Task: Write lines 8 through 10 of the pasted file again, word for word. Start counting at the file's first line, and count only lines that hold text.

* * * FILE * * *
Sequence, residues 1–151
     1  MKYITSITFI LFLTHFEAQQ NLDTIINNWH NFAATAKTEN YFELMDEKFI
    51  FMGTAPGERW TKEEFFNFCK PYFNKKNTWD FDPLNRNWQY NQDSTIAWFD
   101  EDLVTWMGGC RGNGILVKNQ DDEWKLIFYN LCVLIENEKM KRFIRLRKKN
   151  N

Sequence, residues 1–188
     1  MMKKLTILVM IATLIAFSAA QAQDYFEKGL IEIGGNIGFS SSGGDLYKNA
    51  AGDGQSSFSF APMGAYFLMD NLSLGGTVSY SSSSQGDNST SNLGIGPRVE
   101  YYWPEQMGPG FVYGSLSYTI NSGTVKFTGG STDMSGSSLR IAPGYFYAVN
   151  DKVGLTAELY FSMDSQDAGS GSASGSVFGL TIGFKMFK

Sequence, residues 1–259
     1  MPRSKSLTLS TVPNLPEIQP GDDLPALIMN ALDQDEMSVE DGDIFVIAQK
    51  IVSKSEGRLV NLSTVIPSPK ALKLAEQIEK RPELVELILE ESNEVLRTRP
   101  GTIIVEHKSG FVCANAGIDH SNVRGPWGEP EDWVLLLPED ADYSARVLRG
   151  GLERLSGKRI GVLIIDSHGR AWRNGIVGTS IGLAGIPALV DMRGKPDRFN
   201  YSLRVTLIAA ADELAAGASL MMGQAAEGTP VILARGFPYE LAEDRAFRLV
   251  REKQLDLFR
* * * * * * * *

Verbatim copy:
    51  AGDGQSSFSF APMGAYFLMD NLSLGGTVSY SSSSQGDNST SNLGIGPRVE
   101  YYWPEQMGPG FVYGSLSYTI NSGTVKFTGG STDMSGSSLR IAPGYFYAVN
   151  DKVGLTAELY FSMDSQDAGS GSASGSVFGL TIGFKMFK